No sooner had the good Dr. Funkenstein entered my one-bedroom condo in the Fox Hills area of Culver City and met my girlfriend that he plopped down on the couch, busted out some herb and began rolling a fattie (a.k.a. joint). Between the natural high of having Clinton in my crib and the mind-altering ganja the doc had prescribed I was feeling ever so fine floating on cloud nine. In fact, we were both so wasted we spent more time gabbing and cracking up than eating the fine dinner that had been put before us. Just below is a photo taken of George and I feeling no pain in my living room that fateful evening.

Dr. Funkenstein's house call

I had a blast showing George my entirely comprehensive P-Funk discography of original vinyl albums. I was shocked to learn he no longer had copies of several of them. I was all too happy to oblige his request for copies of some of them on cassette tapes as well as his desire to have some of my own P-Funk mix tapes. In exchange he gave me a tape containing a complete unreleased Funkadelic album! Talk about a Holy Grail-like item. It was the material for the By Way of the Drum album MCA was supposed to soon release but never did. A few years later, much to my dismay, that lone tape copy was part of the losses I suffered in one of the many break-ins of my car I “enjoyed” as an L.A. area resident. However, that album was finally officially released in 2007.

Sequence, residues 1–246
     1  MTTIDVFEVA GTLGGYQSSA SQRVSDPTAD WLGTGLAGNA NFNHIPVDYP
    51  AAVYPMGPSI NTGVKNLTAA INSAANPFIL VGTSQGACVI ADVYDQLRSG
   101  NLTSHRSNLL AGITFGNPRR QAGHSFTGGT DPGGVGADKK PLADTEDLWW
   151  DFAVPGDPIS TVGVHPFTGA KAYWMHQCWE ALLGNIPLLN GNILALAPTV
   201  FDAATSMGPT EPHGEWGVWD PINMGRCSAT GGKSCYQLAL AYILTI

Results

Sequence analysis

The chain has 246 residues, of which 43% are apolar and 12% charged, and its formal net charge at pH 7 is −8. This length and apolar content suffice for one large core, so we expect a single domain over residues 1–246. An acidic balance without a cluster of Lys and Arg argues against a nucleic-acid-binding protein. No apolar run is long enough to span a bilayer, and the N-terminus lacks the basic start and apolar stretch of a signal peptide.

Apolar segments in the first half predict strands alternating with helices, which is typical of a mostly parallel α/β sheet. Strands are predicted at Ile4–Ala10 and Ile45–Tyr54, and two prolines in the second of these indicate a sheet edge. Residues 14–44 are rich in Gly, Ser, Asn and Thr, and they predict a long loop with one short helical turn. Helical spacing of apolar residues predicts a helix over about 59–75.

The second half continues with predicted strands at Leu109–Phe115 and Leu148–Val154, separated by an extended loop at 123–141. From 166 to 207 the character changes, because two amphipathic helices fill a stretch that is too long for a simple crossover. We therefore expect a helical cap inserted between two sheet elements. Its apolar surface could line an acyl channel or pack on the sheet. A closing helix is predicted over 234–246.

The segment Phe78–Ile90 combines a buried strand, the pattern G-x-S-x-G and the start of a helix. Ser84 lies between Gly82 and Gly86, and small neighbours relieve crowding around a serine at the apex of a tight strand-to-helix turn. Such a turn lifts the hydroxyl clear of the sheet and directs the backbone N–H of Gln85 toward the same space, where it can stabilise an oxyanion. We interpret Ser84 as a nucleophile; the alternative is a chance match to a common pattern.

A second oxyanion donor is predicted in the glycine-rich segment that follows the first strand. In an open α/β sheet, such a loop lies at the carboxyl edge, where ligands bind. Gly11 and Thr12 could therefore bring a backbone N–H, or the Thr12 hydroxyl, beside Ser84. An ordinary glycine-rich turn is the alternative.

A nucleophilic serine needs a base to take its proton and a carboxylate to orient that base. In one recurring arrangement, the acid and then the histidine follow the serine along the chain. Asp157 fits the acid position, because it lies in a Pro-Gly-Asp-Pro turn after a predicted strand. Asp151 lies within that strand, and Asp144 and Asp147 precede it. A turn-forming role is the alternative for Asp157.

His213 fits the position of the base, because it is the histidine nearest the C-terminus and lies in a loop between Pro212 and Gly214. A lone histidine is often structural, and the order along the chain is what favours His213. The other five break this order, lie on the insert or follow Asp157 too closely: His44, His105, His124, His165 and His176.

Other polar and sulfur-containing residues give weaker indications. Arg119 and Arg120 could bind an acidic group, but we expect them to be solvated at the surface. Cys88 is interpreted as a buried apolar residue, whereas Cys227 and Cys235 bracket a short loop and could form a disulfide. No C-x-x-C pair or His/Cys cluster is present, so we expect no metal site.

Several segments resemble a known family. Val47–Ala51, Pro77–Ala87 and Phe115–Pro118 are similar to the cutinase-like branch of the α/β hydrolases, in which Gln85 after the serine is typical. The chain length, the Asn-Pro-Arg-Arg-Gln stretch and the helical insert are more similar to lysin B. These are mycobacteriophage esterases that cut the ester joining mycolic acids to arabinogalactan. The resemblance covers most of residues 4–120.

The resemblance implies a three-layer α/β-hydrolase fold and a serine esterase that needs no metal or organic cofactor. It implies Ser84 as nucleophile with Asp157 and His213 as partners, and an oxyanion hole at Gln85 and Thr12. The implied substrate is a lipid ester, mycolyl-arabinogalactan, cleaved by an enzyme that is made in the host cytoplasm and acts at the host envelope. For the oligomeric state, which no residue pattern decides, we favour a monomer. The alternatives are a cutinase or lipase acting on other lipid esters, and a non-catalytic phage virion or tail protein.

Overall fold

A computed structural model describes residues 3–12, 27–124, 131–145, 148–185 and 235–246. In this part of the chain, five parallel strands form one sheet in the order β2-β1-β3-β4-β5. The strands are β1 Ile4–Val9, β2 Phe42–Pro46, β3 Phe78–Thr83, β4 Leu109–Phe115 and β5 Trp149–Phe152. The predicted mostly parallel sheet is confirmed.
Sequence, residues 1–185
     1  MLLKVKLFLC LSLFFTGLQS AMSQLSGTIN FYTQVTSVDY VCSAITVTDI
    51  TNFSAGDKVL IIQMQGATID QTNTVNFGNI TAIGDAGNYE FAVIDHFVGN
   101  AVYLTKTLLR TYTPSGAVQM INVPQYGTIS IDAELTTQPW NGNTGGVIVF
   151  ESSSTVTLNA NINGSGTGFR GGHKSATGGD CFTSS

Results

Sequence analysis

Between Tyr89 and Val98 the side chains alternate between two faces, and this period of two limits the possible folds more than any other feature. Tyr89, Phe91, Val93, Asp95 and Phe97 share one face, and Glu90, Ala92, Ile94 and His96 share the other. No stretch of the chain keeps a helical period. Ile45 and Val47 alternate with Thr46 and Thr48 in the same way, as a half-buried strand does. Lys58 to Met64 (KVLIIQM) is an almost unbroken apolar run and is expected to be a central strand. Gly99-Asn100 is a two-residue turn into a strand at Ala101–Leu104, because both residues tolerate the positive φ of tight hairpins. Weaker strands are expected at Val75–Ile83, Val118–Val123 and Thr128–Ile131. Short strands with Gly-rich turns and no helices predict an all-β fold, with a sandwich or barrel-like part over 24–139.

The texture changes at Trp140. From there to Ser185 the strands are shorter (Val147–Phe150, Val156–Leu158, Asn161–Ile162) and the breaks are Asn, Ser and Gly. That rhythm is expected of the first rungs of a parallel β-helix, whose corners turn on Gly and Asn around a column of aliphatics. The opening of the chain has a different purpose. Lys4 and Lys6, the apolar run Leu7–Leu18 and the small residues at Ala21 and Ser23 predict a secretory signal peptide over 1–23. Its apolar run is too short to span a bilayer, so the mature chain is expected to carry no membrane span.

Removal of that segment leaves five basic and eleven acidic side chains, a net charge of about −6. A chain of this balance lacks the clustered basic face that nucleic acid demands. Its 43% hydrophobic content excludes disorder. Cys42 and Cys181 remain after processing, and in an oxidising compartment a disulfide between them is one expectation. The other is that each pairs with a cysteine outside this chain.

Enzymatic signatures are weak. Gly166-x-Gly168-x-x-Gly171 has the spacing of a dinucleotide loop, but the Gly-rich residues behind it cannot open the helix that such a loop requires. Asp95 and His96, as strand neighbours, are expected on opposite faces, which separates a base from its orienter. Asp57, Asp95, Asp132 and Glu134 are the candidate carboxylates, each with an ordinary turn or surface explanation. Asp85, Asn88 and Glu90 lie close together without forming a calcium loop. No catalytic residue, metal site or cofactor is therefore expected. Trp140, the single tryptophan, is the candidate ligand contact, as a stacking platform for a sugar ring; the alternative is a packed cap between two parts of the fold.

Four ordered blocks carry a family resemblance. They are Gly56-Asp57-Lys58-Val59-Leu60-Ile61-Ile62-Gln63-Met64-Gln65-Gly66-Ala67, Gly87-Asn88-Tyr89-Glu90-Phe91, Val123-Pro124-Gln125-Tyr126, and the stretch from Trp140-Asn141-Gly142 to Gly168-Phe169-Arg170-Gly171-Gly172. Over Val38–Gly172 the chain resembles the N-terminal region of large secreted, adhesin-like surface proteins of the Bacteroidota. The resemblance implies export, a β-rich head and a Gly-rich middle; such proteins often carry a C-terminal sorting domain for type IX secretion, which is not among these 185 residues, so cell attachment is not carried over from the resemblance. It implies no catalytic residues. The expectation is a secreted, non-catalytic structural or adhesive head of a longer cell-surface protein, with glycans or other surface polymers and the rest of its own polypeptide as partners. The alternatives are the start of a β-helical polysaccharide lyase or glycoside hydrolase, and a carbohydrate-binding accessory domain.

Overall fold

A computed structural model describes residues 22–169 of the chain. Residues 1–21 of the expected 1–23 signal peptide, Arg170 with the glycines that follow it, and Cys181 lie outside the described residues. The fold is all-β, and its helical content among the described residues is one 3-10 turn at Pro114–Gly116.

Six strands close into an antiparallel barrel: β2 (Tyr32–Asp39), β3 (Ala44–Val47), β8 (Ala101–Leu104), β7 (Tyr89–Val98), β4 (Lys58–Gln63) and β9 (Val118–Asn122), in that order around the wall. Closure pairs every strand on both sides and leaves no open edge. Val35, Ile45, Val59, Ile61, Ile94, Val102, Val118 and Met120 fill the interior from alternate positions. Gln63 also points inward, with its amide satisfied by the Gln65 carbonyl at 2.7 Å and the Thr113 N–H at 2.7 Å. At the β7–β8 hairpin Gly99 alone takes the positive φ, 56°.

I spent more time that week just hanging out at George’s hotel with most of the band, including Michael Hampton (who tried hard to get next to my girlfriend!) and Garry Shider. For years after every time I attended their shows I was able to go back stage and always received warm welcomes and embraces from GC and the rest of the Funk Mob. Just below is a backstage shot of George and I.